Smells Trigger Emotions: how to make scents in the Dog Mindfulness Program

Mindfulness asks us to ground ourselves by tuning into our five senses. The four senses of seeing, hearing, touching, and tasting are first processed in the frontal lobe of the brain. They are responsible for higher-level mental processes. Smells, however, are much more likely to quickly trigger emotional responses than any other of the senses because smell is first processed in the amygdala, the emotional center of the brain.

Since smells are processed in the amygdala, this sense is much more likely to connect you to emotional memories than your other senses.  For example, smelling smoke may be paired with a memory of a kitchen fire you may have experienced in the past. Since then, every time you smell smoke you may automatically think back on the kitchen fire.

Pleasant scents can have a more immediate and profound relaxing effect than a visual image, for example, or a sound.  We can learn or condition ourselves to enjoy smells that others have found unpleasant.  For example, some people may enjoy the horse barn’s odor of manure because they associate it with a positive experience from childhood, maybe visiting a family horse farm.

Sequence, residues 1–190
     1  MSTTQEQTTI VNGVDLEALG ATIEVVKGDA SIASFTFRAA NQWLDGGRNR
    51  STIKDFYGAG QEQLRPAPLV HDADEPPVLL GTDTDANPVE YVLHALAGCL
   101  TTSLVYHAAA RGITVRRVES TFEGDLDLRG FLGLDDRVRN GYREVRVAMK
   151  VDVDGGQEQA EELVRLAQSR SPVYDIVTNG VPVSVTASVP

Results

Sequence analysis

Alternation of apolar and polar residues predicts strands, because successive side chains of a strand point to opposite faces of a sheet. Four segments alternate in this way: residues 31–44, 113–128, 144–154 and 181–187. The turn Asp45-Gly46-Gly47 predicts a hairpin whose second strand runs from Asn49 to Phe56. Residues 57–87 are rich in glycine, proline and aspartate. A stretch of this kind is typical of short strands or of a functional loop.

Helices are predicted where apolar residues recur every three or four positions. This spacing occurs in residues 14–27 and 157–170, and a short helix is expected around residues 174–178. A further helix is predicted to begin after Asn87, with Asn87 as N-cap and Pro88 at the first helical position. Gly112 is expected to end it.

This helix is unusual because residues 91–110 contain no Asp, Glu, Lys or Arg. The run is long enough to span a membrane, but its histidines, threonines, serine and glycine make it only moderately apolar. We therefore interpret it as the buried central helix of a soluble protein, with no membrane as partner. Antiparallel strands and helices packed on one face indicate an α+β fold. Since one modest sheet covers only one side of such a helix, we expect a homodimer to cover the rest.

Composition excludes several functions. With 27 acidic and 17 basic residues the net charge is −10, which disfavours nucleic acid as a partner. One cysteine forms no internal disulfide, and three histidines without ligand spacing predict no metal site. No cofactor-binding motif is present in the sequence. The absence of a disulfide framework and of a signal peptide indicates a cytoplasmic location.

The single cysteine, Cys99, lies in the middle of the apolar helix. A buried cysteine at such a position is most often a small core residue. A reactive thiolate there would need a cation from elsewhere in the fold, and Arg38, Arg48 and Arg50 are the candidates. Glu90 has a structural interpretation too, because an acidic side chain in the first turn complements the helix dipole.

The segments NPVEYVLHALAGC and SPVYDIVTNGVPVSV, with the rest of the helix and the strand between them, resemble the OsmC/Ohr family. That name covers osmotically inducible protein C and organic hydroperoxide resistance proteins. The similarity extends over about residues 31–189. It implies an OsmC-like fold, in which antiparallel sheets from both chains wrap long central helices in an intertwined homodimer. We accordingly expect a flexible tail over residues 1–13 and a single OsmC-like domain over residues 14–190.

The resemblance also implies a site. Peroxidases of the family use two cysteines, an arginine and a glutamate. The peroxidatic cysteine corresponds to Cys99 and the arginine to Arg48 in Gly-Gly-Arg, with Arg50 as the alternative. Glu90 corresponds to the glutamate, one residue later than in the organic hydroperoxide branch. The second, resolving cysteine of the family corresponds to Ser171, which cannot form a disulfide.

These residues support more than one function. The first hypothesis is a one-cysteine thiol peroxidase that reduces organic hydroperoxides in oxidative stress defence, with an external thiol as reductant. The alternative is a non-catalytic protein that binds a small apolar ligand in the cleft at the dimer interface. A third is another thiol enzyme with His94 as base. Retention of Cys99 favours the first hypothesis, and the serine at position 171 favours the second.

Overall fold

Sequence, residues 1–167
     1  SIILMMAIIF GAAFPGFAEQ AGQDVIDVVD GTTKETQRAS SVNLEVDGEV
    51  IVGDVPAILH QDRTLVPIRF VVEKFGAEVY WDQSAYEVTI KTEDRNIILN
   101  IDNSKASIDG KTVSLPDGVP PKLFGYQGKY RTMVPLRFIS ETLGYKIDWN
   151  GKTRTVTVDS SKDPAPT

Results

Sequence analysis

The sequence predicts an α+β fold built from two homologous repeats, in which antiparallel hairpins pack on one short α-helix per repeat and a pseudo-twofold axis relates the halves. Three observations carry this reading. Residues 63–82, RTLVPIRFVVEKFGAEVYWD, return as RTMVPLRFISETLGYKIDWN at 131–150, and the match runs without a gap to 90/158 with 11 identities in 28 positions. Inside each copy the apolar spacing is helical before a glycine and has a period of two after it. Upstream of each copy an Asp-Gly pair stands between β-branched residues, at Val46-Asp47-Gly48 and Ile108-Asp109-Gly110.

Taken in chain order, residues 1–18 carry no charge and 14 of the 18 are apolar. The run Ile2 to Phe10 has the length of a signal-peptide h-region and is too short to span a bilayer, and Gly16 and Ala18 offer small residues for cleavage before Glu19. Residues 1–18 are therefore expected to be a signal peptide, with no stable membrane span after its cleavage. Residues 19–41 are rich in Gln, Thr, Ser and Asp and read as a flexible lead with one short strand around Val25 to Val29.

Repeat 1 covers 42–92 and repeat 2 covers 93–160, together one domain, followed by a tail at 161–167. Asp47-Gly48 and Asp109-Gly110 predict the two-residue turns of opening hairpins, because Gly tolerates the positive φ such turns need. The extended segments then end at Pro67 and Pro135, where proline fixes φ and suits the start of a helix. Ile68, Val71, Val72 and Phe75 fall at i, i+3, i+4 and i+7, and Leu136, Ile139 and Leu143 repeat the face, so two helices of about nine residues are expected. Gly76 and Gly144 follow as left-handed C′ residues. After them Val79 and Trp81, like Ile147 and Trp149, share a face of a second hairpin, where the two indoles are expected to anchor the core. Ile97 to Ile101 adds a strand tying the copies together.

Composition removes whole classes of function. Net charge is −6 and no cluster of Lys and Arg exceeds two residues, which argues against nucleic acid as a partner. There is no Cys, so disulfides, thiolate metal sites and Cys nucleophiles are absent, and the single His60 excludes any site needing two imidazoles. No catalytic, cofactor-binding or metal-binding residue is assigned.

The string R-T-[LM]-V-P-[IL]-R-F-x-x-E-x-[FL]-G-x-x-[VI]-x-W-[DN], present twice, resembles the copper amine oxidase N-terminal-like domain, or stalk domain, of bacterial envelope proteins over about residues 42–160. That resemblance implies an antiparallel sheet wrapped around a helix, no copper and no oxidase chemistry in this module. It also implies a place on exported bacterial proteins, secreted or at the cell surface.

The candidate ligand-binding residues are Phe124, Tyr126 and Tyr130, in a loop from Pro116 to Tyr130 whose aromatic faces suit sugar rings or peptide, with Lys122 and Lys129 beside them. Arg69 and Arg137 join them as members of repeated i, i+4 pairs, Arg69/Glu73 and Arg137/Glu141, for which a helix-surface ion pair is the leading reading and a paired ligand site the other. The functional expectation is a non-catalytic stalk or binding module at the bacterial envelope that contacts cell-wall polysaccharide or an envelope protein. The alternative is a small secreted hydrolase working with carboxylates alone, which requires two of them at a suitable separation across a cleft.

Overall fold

Because the amygdala is recognized to be one of the areas of the brain that creates anxiety, you need to be mindful that your sense of smell can become a source of anxiety.

You can actually be proactive in creating opportunities to experience positive scents, and you can learn tips on how to do this from dogs, the super-powered sniffers.

As we observe dogs, we notice that they rely most on their ability to smell.  Dogs can smell anywhere from 1,000 to 10,000 times better than humans:

 People spend more time interpreting visual data than olfactory information. Dogs are just the opposite.Dogs devote lots of brain power to interpreting smells. They have more than 100 million sensory receptor sites in the nasal cavity as compared to 6 million in people, and the area of the canine brain devoted to analyzing odors is about 40 times larger than the comparable part of the human brain.

This powerful nose probably accounts for my dog, Honey, running away from a stinkbug!

Here are three ways to bring good scent into your life:

  1. Take your dog for a walk after a rain. Breathe in the scent of pines, flowers, sage. What do you smell?
  2. Take your dog to the ocean beach and smell the salt air.
  3. Find a park with fresh-cut grass for your dog to roll in. Lie down and take in the smell with your dog.

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